I feel like a school teacher to have to split up points. If there was a way I just say 500 points to all. I don't really know what the points are for but I do understand rewards for the ego system. So I just awarded every one 10,000 points each. What! I can't do that, ok, dutchclangets 400 for answering what I needed to know, And the further links to some good information that I will need in spiffing up my system gets 50 points each. This doesn't exactly seem fair somehow someone would think I should do something different, but I don't know what I'm doing anyway, other than to say thanks for your information I really do appreciate the help.
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xjdiggerAuthor Commented:
Hi rindi
   I was just closing this out. this dialup was not part of the original question just a comment to my problem.
    I am dialing telephone to telephone and there are so many errors in the management logs, that I am cleaning up the system in hopes to speed it up. I had another comment about direct addressing from a another problem request, that I found it easier to ask separate direct questions, rather than complicating the discussions and I would be even more confused than what I am now. I see at this forum people are enjoying competeing for points which I have not understood yet because I am very new to this forum.
    let me know if you have some ideas of speeding up telephone to telephone networking and I will repost the individual question so you can give me a complete answer on a separate thread.

    I'm just small business owner, who uses computers to keep records and information. I have worked computers since the 70's on tape to tape communications, to the first PC 8088 dual floppy and upgraded through most all series of computers 286-50z,386,486,p5-60/75/166/266 /450/550/1.28g/ and currently on 3.2g abit mb.program dBASE for my own applications since1978 not to mention that I am a pc mag subscriber since 1978 and have all copies from then to now

Let me know if you want me to repost this question to telephone to telephone
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rindiCommented:
I don't think you'll be able to achieve a good speed using dialup connections (Phone to Phone). What you need is a good internet connectionvia ADSL or Cable, and then you could connect via VPN from one location to the other. That way you will get much better speed (depending on the ADSL or Cable connection you get). This would probably not be much more expensive than dialup connections.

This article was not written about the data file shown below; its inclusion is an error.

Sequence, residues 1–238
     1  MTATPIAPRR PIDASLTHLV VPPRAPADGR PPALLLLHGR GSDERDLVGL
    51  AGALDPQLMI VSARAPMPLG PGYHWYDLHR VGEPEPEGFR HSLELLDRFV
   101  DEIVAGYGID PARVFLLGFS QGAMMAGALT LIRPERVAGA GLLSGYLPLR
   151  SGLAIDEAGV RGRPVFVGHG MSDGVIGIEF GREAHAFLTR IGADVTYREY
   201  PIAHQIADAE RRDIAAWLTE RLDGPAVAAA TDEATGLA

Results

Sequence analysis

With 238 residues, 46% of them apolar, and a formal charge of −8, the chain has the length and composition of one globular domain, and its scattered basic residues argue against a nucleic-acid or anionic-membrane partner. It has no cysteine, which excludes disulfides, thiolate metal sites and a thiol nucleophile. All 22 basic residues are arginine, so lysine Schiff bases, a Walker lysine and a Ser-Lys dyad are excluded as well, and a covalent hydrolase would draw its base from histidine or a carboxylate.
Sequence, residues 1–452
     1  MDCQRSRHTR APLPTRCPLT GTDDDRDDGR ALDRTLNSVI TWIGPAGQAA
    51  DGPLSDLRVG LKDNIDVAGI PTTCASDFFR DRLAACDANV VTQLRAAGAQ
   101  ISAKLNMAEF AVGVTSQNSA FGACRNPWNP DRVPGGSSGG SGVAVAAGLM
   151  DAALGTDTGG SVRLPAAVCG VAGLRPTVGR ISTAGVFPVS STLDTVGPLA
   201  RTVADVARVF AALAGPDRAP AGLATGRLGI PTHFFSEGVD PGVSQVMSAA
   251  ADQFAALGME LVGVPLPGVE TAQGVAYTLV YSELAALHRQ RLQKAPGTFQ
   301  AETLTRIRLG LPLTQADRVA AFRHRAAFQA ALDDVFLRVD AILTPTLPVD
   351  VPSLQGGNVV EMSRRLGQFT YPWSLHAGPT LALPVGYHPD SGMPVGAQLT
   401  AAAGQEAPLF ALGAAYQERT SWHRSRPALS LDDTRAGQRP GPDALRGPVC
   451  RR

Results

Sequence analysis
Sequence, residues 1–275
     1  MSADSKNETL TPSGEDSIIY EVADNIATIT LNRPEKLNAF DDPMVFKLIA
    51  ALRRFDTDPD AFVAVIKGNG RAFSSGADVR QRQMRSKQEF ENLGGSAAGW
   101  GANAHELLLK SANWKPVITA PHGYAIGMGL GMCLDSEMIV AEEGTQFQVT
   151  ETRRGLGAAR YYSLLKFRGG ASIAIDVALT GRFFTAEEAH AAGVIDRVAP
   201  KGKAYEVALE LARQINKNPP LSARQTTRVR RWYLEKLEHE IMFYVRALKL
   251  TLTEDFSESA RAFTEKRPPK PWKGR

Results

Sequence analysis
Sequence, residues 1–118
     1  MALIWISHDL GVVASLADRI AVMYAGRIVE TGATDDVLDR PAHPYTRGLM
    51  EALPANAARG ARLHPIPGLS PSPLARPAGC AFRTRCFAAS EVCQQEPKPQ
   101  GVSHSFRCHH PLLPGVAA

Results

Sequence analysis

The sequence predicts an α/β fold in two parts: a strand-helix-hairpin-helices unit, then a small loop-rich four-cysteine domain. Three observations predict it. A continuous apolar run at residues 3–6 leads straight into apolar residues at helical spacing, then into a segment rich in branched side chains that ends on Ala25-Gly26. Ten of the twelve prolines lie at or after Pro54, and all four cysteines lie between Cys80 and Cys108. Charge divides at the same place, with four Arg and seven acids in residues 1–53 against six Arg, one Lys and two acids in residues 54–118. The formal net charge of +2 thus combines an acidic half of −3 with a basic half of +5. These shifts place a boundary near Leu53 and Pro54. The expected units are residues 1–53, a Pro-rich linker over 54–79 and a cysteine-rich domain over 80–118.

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edboredCommented:
Another approach might be to use something like PCAnywhere or NetMeeting - this way when you dial-in from home you aren't running applications at home and pulling all the data across the phone line. Instead what you are doing is sending mouse and keystrokes TO the remote PC, and receiving screen updates FROM the remote PC. In effect, your home PC becomes a terminal that "takes over" one of the office PCs, allowing you to see what is going on "over there".  

Cheers,
EdB
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dutchclanCommented:
Network speeds, Network Lookup Problems are most common in home networking and all seem to have a cause.

The fact that u use a "phone to phone" connection (64K isdn) might be the bottleneck u are looking for as rindi states. But this doesnt mean that LAN should be!

simply stated, If lan speeds are 100Mbit FD  then your local network should have that speed. Reading from your previous comment the network indexing is verry slow "but" the file transfer is fast. This might indicate a dns lookup problem on your local lan. This might be caused by the fact that u dont run a local dns server on wich to query lookups and arp lookups are awnsered directly from the clients. This takes time.

Windows XP is also known to index the complete network before showing the "full network"  icon in your "my network places".

Many things might be pointed out on why your network "Might be" slow. From a broken cable to a bad NIC.

so my advice is, isolate your findings and post again ;)

gl with your buisiness

regards Chris gralike